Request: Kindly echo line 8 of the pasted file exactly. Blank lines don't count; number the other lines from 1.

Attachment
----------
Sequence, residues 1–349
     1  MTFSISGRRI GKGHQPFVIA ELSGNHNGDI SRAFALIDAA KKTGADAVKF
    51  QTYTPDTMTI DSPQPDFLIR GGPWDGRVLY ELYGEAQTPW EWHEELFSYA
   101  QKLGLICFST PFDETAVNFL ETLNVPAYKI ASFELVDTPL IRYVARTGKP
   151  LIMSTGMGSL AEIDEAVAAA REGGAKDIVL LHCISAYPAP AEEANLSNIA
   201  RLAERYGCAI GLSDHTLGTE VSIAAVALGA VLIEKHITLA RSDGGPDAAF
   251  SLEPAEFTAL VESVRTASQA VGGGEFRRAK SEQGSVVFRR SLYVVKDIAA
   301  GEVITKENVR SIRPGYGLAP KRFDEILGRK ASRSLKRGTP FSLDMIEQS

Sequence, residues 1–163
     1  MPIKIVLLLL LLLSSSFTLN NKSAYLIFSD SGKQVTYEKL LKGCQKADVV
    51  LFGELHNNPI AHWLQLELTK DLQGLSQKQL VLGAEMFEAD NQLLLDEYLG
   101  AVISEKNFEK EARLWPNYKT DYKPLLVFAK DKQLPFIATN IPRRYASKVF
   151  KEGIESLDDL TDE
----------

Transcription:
   301  GEVITKENVR SIRPGYGLAP KRFDEILGRK ASRSLKRGTP FSLDMIEQS